Colorado Springs Military Newspaper Group

Schriever Sentinel

AF selects most junior SMSgt

By Staff Sgt. Daniel Martinez

50th Space Wing Public Affairs

Master Sgt. Amber Mitchell went to work March 4 like any other day and anxiously anticipated the promotion results for senior master sergeant. As the work day came to a close, she was disappointed to tears believing she didn’t make the cut — that was until members of her squadron showed up at her doorstep later that evening with good news.

“We were getting ready to go to bed, my husband jumped in the shower and that’s when the roof sounded like it was coming off the house because my commander was banging on the door so loud,” she said.

Her husband, adorned in a bath towel, greeted Lt. Col. Lorenzo Bradley, 1st Space Operations Squadron commander, along with approximately 20 other members of her unit. Each member stood by to congratulate one of four of Schriever’s newest senior master sergeant selects. Remarkably, with only twelve years in, her selection for promotion makes her the most junior Airman throughout the Air Force to achieve a line number for E-8 during this promotion cycle.

“When I’m reading the study material, I always try to relate it to my career, some of the things that I’ve learned and some of the things I’ve seen,” she said. “When it comes to the Air Force and what I do, I take it very seriously and I always want to show everyone else who I work with that if I can do it, you can do it and if you work hard you’ll get rewarded.”

Sergeant Mitchell began basic training in 1997 and afterward went on to Space Systems Operations technical school at Vandenberg AFB, Calif. Her first duty assignment was at Patrick AFB, Fla. as an aerospace control officer for the 45th Range Squadron. Her determination to be successful was initially driven by her superintendent who she said was less than enthusiastic to have young, inexperienced Airmen in the squadron.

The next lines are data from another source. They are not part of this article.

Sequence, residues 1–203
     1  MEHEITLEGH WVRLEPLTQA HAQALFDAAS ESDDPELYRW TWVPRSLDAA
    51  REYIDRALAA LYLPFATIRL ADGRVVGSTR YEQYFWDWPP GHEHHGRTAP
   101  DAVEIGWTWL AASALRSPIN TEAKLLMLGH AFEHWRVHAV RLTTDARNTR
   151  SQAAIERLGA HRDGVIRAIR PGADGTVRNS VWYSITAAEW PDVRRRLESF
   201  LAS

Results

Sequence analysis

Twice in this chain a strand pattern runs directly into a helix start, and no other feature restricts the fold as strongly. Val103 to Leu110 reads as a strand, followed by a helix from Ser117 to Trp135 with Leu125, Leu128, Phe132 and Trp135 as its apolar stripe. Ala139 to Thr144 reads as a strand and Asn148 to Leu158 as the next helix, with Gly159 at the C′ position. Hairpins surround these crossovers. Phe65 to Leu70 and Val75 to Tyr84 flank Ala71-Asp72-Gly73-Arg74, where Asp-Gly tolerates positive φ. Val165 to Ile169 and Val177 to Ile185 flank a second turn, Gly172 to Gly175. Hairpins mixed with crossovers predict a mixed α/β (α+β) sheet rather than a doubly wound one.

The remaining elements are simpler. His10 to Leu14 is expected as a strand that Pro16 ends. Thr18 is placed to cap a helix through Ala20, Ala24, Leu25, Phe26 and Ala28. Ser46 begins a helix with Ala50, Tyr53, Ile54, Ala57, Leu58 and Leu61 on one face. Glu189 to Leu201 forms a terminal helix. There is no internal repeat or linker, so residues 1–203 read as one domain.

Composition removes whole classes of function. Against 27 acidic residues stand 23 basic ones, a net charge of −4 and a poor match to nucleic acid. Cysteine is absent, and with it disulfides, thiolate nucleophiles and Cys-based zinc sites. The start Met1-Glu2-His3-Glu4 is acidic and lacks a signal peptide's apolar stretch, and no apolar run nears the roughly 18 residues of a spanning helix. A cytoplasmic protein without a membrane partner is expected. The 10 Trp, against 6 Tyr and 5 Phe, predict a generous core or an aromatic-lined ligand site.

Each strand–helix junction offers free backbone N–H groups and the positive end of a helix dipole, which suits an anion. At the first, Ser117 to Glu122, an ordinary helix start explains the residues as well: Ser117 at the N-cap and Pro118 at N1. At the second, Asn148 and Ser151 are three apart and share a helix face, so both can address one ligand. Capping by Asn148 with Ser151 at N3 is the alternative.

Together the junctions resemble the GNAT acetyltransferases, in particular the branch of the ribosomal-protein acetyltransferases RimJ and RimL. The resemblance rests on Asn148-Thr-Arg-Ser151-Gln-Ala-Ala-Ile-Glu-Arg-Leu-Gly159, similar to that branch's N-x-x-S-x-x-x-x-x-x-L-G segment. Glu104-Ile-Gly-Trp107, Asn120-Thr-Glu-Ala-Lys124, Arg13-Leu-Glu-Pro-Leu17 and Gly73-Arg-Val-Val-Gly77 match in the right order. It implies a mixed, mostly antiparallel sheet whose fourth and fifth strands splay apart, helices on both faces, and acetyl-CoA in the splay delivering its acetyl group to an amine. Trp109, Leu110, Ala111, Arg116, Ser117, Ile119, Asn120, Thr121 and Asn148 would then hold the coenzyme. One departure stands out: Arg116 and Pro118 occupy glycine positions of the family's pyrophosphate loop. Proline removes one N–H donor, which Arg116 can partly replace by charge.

“It prodded me to go above and beyond because I wanted to show him ‘Hey, it is important that we’re here and just because I’m a young Airman doesn’t mean I can’t do my job well and do it better than everyone else,’” she said.

Sergeant Mitchell overcame those obstacles and used those early career challenges as a springboard for future successes. She’s managed to pin on a stripe almost every time she’s tested, with the exception of technical sergeant which she landed her second time testing. She’s gone to college to work toward her degree and dedicated herself to various volunteer opportunities such as the 5/6 council and the Air Force Sergeant’s Association. She was even chosen as one of 12 Outstanding Airmen of the Year in 2005.

She said she attributes much of her success to her husband for helping her maximize her study time and being her support system. She also found inspiration in an acquaintance, retired Chief Master Sgt. Steve Parrish, who became her mentor.

“He showed us the importance of getting involved and networking,” Sergeant Mitchell said. “He showed us it was important to look outside (our career field) and see other people and see other jobs … and he showed us the value of good work ethics.”

Colonel Bradley, who’s worked with Sergeant Mitchell since July 2009, said he heard about her before taking command of 1st SOPS.

“I was told by people that had served with her how lucky I was to have her in the squadron,” Colonel Bradley said. “Everything I was told was true — she is, undoubtedly, one of the most outstanding people I have had the pleasure of working with in my Air Force career. If promotion is about trust and confidence to serve in the higher grade, then Amber’s performance thus far is proof enough she deserves this, and her time in service has nothing to do with it.”

Sergeant Mitchell said Airmen should always seize an opportunity to improve themselves. She also said her formula for success comes from three things: being involved with family, career and the community.

She added, “You’ll open up opportunities whether it’s to learn or meet new people, so be involved.”

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